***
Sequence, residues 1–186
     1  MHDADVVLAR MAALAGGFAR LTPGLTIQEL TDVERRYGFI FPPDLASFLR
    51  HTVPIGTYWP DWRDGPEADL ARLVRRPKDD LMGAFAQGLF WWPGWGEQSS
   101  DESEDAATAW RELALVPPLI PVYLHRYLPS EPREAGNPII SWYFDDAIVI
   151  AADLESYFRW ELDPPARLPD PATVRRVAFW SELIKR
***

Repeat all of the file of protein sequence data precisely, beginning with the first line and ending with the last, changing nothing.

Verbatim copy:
Sequence, residues 1–186
     1  MHDADVVLAR MAALAGGFAR LTPGLTIQEL TDVERRYGFI FPPDLASFLR
    51  HTVPIGTYWP DWRDGPEADL ARLVRRPKDD LMGAFAQGLF WWPGWGEQSS
   101  DESEDAATAW RELALVPPLI PVYLHRYLPS EPREAGNPII SWYFDDAIVI
   151  AADLESYFRW ELDPPARLPD PATVRRVAFW SELIKR